James Madison Papers

To James Madison from William Jarvis, 24 October 1805 (Abstract)

From William Jarvis, 24 October 1805 (Abstract)

§ From William Jarvis. 24 October 1805, Lisbon. “The foregoing of the 11th. I had the honor to forward by the Brig Neptune Captn. Delano, for New York, with the inclosed papers.1 Duplicates of those from me go inclosed.

“A few days since three sailors belonging to the Laura of Boston Captn. Higginson, were imprisoned for striking the Mate. One who was not protected as an American, having wrote to Mr. Gambier the British Consul General claiming his protection as a British Subject, he sent the letter to me by his secretary & demanded him. I replied as a matter of right I certainly could not give him up, but as the Seaman wished to go on board a Man of War & Captn. Higginson did not want him, I might consent to his release from prison as a favor. This Mr. Gambier declined accepting contending that he, (Michl. Chase) ought to be given up as a thing of right. For which purpose, Mr Gambier’s Secretary & the Merinho General, informed me that, Mr. Gambier had written to the Secretary of State. Upon which I wrote the inclosed to His Excellency.2 I am sorry to be under the necessity of troubling you Sir about such trifles; but when they are attempted to be made matters of consequence it is unavoidable. This Government has done nothing about the seaman.

“Inclosed is also a Copy of my letter to His Excellency to try to obtain some alteration in the arrangement relative to the franquia of Bread Stuffs,3 but I doubt any thing coming of it, as the present method was introduced by the Minister of Finance, who is administrator of the Corn Market, & therefore it is probable will not consent to an alteration.

“It appears that a Bill of Lading of the Cargo of the Schooner Trio of Boston Captn. Storey was unthinkingly shown to one of the House of Messrs. John Bulkley & Son, Agents of the Privateer Admiral Saumarez that captured her, by Mr. Turner the Consignee, by which it appeared that the Cargo was French property; upon which Messrs. Bulkely & Sons wrote to Mr. Gambier retracting their permission for the payment of the freight, and Mr. Gambier inclosed Copy of their Letter to His Excellency Mr. de Araujo & which occasioned the original of the inclosed of the 15th: Instant.4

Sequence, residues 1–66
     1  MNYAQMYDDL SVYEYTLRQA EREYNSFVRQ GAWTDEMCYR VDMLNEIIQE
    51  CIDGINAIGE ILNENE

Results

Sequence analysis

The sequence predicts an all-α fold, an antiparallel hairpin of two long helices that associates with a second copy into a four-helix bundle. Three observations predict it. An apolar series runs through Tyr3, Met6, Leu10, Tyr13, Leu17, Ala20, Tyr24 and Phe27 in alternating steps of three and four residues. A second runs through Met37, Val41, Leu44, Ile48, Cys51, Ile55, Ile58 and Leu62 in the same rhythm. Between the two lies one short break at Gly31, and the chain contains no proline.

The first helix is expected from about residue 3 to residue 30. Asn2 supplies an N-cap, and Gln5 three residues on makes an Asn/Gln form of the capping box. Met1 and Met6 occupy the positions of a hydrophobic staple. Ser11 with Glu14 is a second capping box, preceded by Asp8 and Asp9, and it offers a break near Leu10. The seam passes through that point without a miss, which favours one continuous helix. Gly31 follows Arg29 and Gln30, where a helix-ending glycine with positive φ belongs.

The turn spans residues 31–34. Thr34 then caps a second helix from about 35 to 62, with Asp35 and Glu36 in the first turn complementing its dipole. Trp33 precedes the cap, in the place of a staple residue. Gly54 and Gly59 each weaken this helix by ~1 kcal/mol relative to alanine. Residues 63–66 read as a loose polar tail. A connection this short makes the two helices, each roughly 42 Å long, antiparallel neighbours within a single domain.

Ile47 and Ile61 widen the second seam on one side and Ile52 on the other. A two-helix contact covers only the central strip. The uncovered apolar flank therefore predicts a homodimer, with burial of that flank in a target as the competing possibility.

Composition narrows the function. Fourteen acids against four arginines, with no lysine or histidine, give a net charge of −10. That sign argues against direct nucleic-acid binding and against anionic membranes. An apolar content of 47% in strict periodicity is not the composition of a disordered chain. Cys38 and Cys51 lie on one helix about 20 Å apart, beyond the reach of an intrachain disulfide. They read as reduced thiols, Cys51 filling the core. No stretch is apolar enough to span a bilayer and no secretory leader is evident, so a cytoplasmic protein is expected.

“Nothing as yet has been done about the Venus,5 altho the Spanish Minister applied ten days ago for her to be delivered up.

“General Junot left this Court for France the 26th. Instant; leaving the Secretary of Embassy Chargé d’Affaires. Madam is now drinking the Waters at the Caldres. So soon as she is restored to health she will follow him.

“The Rochfort Squadron made its appearance off this Coast about a fortnight ago consisting of 5 Ships of the line 2 frigates and a Brig of War. It has captured several Merchantmen & among the rest two or three of a Convoy from England for Porto. A Man of War had come within shot of the Frigate in which Lord Robt. Fitzgerald the British Minister was returning; which had nearly a Million sterling on board for Malta; but the port Convoy heaving in sight, a signal was made to the Man of War to give over the Chase. His Lordship was landed at Faro & reached here four days since.

“Twenty nine Transports & two Frigates, part of the British expedition, has put in here from stress of Weather. There is on board two s⟨c⟩;ots regiments. It is supposed they are for Italy. Much field & heavy artilery & equipage is said to be on board. A transport loaded principally with Cannon Balls foundered a short distance off the Bar and the Crew perished.

“Mr. Pinckney writes me that he shall be on here in a few days, to embark for the United States. He says not a word about Spanish Affairs. Inclosed is a Packet from him.